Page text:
I have another question actually. Since I seem to be vulnerable to keyloggers (SKLog specifically), does it make sense to copy/paste information? For example, will I be any safer if I have my login name saved in a file, and I copy/paste that into the login field and type my password whenever I want to sign in? That way, I am essentially only typing half of the required information. Is this good practice in general?

#3 Indrid_Cold

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Posted 12 January 2008 - 06:03 PM

Seeing as you are not asking for help in removing an infection, I have moved your topic to a more appropriate forum.
Hope is not a method.

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#4 puzzled and sieged

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Posted 12 January 2008 - 07:12 PM

Hi again, I'm starting a different thread to try to get a better understanding of how internet security suites work. I am always under the impression that antispyware and antivirus programs are capable of detecting and removing detected threats from a computer. What I don't understand is whether or not these programs, in actual practice, do anything in PREVENTING the virus or malware from being launched/started in the first place.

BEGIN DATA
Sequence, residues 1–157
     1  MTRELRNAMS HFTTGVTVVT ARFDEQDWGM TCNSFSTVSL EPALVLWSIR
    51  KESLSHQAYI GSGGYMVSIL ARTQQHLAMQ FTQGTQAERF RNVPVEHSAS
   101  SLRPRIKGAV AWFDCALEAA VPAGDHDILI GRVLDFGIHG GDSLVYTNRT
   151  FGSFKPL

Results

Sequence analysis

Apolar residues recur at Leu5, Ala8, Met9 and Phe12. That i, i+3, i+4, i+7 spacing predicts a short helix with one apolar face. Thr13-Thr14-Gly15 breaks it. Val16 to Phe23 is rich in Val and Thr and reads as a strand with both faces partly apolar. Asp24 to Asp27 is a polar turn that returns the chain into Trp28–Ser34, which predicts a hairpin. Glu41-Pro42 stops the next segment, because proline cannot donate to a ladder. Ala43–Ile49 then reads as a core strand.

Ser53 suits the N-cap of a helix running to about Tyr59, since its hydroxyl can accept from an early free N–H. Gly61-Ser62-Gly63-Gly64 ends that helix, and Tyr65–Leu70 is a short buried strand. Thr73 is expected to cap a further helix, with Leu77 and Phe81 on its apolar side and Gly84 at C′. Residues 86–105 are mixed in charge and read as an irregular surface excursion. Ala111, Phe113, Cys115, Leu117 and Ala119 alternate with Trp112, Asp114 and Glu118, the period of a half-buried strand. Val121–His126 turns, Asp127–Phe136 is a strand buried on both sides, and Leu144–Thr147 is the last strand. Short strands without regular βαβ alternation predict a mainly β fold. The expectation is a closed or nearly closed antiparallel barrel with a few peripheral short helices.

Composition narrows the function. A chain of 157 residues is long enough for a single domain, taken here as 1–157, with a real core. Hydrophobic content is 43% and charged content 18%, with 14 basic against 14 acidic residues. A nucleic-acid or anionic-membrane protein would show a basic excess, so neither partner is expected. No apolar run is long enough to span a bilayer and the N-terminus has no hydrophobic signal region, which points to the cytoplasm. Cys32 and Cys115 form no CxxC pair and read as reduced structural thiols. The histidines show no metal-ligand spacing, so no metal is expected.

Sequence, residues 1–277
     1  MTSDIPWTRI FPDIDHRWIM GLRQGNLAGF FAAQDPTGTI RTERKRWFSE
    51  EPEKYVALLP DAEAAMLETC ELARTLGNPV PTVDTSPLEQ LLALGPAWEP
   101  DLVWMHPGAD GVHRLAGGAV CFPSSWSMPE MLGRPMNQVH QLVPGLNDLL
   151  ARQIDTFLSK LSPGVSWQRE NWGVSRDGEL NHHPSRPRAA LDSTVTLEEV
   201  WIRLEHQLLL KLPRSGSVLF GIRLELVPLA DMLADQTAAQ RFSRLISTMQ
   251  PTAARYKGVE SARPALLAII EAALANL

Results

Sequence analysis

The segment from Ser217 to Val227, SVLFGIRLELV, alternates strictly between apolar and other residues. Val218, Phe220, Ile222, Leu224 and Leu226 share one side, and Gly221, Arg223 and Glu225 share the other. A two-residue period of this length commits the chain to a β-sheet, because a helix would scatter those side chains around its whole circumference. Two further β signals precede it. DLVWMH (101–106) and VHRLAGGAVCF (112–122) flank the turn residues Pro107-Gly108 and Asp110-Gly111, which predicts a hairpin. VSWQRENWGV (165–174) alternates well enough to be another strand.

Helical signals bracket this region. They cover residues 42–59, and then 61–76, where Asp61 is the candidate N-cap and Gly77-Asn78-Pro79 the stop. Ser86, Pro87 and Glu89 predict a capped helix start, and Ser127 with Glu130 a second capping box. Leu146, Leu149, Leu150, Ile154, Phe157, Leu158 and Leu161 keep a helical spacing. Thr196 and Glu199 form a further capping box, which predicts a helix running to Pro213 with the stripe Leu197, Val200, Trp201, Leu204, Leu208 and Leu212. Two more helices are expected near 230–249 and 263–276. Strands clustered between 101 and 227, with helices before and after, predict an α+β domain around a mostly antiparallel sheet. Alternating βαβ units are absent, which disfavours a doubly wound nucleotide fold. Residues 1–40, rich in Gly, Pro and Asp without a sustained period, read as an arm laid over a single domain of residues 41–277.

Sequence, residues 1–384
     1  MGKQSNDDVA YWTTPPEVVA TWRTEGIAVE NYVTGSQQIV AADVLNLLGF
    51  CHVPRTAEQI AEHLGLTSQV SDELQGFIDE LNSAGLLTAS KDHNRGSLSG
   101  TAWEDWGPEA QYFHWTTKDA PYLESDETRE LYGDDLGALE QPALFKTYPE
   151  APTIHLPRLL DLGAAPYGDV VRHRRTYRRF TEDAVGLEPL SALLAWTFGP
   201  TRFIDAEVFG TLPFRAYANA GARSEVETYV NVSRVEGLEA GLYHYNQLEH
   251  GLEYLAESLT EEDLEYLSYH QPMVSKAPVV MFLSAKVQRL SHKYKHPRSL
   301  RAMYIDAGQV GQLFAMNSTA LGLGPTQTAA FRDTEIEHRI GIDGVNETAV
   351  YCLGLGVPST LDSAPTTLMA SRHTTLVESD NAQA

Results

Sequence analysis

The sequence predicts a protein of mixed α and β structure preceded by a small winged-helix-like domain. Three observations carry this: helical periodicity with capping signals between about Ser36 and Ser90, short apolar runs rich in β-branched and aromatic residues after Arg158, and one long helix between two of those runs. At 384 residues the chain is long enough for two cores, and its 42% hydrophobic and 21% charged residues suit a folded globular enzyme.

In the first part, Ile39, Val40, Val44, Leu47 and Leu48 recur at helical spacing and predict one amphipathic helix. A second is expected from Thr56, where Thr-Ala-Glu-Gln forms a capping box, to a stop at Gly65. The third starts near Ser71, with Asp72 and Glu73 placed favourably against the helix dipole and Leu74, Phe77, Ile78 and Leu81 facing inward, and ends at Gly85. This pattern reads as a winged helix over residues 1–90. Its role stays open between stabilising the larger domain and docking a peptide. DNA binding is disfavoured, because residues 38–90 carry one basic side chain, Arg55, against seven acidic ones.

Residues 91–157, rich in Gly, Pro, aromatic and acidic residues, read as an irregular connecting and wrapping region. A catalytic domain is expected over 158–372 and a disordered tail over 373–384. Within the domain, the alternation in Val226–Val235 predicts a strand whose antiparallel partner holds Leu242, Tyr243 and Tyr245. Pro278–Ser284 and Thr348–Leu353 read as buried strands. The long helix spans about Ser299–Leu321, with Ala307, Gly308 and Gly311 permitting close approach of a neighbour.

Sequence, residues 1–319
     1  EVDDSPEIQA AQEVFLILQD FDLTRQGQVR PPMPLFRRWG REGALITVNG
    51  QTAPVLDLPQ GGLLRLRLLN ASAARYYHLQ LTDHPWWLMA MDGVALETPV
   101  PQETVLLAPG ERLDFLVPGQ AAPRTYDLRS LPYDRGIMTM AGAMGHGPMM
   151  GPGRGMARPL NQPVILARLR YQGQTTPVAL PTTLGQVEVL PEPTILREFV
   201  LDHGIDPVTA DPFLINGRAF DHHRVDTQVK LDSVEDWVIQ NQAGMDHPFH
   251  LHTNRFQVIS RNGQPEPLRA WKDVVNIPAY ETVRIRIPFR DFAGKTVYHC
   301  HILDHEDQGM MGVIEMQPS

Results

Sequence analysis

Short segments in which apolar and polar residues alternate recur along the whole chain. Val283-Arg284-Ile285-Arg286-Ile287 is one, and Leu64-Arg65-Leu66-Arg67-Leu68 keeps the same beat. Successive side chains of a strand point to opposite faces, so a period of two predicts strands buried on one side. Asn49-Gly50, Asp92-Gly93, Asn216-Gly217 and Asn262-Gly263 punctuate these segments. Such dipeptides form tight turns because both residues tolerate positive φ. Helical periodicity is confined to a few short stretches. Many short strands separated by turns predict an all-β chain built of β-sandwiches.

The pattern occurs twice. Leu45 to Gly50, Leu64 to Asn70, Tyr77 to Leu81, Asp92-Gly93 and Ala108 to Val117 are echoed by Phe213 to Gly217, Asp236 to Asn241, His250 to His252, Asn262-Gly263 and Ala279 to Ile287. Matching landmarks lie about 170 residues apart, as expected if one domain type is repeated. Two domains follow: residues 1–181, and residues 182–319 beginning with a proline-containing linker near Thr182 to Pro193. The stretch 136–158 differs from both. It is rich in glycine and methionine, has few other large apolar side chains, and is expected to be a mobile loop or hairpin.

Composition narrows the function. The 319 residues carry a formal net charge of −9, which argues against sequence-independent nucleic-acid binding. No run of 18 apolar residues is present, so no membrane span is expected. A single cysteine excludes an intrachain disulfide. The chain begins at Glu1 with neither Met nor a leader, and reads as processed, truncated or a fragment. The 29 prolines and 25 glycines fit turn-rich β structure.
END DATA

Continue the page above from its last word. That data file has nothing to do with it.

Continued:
The reason I ask this is because I have used many many different scanners, and they all had their own "real time protection" mechanisms that involve popping up a dialogue or alert everytime some "suspicious" changes occur (ie: registry edits, one app launching another, etc). The problem I have with this system of protection is I cannot see how an average computer user can determine whether or not an operation is safe to allow. Whenever I have antivirus/spyware software installed, running a simple install program for drivers for my hardware can trip off maybe a dozen alarms. In fact installing antivirus from another company while running real time protection with another program can trip off multiple alarms. From my experience these alerts do not help at all as it doesn't really say what exactly is going on in plain english.

Are there any scanners that can actively scan running processes and catch something like a keylogger while it is running? The reason I ask is if the current available security suites cannot do this, then am I really protected? I mean if I schedule daily scans, and a keylogger is launched in between daily scans and logs the credit card info I used to make a purchase, possibly relaying it back to the author immediately, it would have still done what it's supposed to do; even if I do detect it and remove it the next day. That is what I feel is happening right now with my software. I do catch trojans and malware when daily scans complete, but I have yet to see them caught while they are running. It seems the scanner I have (counterspy, outpost firewall pro) just cleans up the mess, but doesn't really actively prevent it. A lot can happen in a 24hr period.

I am paranoid now because that is exactly what happened to me. I bought something online with my credit card, then the next morning my scan found a keylogger.